Food Processor vs. Food Chopper: What's the Difference?
Which Is Better: A Food Processor or a Food Chopper?
Some people may tell you to just learn how to use a knife and you won't need all those gadgets, and I can see the truth in that. However, food processors are simple and fast ways to prepare produce and are generally handy tools for healthy home cooking.
There are many items out there to use in the kitchen, such as juicers, blenders, food processors, and food choppers, and it can sometimes be a little tricky to figure out what each product is intended for and which one is best for the job you're doing. I decided to take a closer look.
Here's a quick comparison of food processors versus food choppers and how to use them.
- Size: Large
- Blades: Interchangeable blades and disks
- Best For: Kneading, chopping, shredding, slicing, grinding, grating, pureeing
- Not Good For: Fluids and creamy substances (smoothies, etc.)
Although big and bulky, my old food processor is still going strong and quickly gets me through the weekly load of veggies. Food processors are extremely versatile and can quickly grind, shred, chop, slice, and puree almost any kind of food.
What They Do
A food processor uses disks and interchangeable blades instead of a fixed blade, making it capable of doing a variety of tasks. The normal functions of a food processor are:
- mixing and kneading doughs
- chopping, shredding, and slicing vegetables
- grinding things (like meat and nuts)
- grating cheese or vegetables
I don't have any advanced culinary skills, so I mainly use my food processor for the basics, such as cutting and shredding vegetables, and the occasional bread making!
What They Don't Do
Food processors are similar to blenders in many ways, except blenders have a fixed blade and require some kind of fluid to process the food. Blenders would be the preferred option for fluids and creamy substances such as smoothies, milkshakes, soups, dips, etc.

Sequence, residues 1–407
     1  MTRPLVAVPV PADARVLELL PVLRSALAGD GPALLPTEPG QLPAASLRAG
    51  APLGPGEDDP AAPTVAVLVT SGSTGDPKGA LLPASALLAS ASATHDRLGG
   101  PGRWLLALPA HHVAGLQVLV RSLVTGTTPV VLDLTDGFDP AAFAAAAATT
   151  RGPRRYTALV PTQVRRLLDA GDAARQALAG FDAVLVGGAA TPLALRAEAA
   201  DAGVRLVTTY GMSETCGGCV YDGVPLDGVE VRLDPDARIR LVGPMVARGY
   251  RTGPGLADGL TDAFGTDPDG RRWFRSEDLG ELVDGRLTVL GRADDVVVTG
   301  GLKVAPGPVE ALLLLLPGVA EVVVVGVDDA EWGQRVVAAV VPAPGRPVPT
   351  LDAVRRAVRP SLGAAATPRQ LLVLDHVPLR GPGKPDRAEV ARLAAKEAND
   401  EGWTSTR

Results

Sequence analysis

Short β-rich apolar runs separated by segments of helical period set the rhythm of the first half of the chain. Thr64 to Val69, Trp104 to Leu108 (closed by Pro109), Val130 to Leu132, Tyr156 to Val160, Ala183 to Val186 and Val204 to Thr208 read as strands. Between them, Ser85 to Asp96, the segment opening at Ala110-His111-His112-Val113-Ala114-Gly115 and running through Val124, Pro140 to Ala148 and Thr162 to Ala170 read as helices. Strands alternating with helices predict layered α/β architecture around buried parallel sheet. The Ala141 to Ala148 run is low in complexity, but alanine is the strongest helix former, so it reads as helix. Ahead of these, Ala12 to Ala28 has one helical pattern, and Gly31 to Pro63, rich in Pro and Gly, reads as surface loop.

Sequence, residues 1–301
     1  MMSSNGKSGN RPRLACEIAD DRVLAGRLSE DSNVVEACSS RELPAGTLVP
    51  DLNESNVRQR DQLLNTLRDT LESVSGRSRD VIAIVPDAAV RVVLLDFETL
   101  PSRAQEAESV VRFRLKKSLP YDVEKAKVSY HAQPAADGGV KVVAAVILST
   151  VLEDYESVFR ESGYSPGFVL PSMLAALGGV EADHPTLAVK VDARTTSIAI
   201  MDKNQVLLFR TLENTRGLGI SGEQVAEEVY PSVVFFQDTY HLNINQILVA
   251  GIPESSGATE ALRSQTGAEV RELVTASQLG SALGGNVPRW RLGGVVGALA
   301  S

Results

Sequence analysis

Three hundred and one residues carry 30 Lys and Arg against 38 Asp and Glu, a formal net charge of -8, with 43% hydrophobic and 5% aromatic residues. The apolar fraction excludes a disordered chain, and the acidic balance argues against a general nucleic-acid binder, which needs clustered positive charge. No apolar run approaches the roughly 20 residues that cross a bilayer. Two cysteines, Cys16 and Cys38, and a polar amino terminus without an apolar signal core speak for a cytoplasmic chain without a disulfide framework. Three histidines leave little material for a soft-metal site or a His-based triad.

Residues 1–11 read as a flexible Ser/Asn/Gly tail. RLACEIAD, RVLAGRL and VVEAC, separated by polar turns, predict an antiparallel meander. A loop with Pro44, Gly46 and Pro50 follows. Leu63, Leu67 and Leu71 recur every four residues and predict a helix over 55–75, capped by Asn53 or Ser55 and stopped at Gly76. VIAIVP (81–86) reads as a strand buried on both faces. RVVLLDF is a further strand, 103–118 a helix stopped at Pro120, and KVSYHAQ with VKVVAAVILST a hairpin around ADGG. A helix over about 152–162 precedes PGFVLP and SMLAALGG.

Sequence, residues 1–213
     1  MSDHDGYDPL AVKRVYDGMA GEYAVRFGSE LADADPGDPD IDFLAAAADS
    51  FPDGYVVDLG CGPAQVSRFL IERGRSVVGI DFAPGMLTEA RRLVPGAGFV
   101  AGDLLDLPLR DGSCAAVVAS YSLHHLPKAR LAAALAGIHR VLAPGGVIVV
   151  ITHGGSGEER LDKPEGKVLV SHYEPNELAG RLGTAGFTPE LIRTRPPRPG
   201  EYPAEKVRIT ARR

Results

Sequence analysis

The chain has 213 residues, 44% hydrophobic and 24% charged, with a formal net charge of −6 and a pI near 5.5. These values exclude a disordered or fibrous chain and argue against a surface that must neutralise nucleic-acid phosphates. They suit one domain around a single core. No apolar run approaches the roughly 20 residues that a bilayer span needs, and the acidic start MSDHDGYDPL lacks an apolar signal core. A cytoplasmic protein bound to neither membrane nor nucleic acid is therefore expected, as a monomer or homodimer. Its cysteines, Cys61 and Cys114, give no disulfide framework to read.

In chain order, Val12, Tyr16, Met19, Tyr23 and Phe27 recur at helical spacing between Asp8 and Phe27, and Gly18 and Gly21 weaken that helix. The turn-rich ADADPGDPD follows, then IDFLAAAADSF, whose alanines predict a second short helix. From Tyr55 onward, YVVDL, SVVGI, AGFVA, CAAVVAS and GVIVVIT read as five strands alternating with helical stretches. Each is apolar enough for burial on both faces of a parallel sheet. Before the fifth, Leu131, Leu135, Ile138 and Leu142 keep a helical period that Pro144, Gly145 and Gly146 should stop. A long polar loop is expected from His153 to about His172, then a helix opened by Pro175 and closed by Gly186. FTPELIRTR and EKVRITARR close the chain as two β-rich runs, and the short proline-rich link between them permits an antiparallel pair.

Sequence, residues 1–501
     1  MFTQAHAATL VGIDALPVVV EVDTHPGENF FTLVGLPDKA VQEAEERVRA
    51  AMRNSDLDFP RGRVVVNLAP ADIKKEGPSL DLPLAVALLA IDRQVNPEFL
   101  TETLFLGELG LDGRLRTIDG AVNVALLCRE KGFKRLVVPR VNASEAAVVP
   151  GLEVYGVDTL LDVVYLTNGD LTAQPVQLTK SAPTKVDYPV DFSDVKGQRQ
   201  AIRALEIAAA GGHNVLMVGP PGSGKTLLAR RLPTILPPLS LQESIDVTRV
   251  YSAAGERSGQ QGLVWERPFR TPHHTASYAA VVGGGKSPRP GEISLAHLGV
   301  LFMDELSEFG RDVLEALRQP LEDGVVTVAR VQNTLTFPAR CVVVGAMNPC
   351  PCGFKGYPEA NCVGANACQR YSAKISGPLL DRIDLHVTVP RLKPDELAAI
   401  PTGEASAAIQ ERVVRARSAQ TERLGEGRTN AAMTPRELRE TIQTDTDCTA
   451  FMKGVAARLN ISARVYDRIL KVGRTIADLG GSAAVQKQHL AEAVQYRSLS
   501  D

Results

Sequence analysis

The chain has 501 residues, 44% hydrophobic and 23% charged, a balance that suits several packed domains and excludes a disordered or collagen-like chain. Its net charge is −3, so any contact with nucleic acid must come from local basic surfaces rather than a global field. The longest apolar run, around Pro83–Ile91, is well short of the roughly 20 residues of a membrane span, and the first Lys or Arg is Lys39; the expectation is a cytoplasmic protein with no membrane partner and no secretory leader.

- Size: Small
- Blades: Several sharp fixed blades
- Best For: Small, routine chopping tasks
- Not Good For: Bread making, pastry making, larger slicing tasks, chopping nuts (debatable)
Food choppers (which are not electric) are much smaller than food processors. They don't require as much room in the kitchen as a food processor does (depending on the size of the food chopper's ingredient bowl—some may be as small as one or two cups!).
What They Do
Food choppers have several sharp blades and are handy for everyday routine tasks in the kitchen. They are great for small tasks like quickly chopping up a few ingredients for use in a salad or dessert (e.g. onions, avocado, fruit, or nuts).
What They Don't Do
Chopping nuts in a food chopper works fine for me, but I know many people who prefer to run them through a food processor. The same goes for many major tasks such as bread and pastry making as well as slicing a lot of vegetables.
So, Which Is Better? It Depends on What You're Doing
A food processor would be the preferred option for big jobs, but for small, routine tasks, a food chopper will do.